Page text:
[Sust-mar] politics, culture & justice

The Review editor at policyreview.ca
Mon Dec 1 08:34:58 EST 2008

politics, culture & justice

The December issue of The Nova Scotia Policy Review reports on the lack of regulation, standards and choice in residential care for people with disabilities. It also provides a county-by-county evaluation of education outcomes for Aboriginal students, offering a more positive view of the "education gap." The Youth Criminal Justice Act is appraised in the context of the campaign to "crack down on youth crime"; life on the financial margins is described; the plight of Aboriginal women in Canadian jails and of Inuit children in Northern schools is brought into focus; and the role photography plays in shaping our responses to social problems - from polio to Africville - is critiqued.


As well, author Susan Haley continues her musings on agriculture in "Down not out in the Annapolis Valley." Barbara MacDonald reports on her experiences at the municipal "campaign schools" for women. Writer Amy James applies her studies in psychiatry and mental health to her review of the new book, Protect, Befriend, Respect: Nova Scotia's Mental Health Movement 1908-2008. Judy Kennedy explains why Naomi Klein's sharp critique of "disaster capitalism" is timely. Sherri Torjman explains social enterprise to capitalists. And Rachel Brighton surveys the ideas behind two court challenges that seek to decriminalize prostitution.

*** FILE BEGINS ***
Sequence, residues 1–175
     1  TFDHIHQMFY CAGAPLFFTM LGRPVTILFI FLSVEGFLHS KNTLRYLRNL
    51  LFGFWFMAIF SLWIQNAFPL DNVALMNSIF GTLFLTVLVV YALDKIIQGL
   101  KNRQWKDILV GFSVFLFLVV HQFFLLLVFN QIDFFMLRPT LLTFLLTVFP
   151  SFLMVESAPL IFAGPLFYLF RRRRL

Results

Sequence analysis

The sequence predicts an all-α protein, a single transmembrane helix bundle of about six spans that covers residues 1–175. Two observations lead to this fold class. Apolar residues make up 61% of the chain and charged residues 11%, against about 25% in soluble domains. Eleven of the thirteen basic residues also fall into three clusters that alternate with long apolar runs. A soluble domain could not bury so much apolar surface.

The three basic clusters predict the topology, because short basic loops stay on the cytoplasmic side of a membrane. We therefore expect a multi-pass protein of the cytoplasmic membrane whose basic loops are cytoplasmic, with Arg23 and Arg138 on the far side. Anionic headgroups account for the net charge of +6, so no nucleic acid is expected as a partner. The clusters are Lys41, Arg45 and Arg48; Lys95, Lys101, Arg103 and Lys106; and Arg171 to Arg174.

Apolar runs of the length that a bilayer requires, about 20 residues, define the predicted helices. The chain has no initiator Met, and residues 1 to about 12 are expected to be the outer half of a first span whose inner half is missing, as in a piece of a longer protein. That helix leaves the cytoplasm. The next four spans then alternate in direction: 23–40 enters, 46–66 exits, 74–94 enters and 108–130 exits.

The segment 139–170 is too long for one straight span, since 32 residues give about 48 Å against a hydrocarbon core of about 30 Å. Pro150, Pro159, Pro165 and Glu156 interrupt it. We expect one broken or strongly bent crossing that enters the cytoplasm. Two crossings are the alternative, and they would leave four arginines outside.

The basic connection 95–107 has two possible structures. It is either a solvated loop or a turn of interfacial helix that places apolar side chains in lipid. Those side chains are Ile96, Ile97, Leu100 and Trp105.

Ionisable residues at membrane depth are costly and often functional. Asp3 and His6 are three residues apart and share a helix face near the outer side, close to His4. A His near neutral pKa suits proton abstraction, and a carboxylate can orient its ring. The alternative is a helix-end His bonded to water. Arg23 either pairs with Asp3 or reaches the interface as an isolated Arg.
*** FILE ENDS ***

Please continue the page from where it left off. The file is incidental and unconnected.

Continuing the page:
There are also updates on private land conservation, watershed management and the persistent problem of freedom of information.


The Nova Scotia Policy Review is an independent quarterly magazine for inquiring individuals and concerned policy makers. Each issue tackles politics, culture and justice, drawing on a wide range of voices to pose real solutions to pressing problems.


Please visit www.policyreview.ca for subscription details or email Rachel Brighton at editor at policyreview.ca to request a sample issue.


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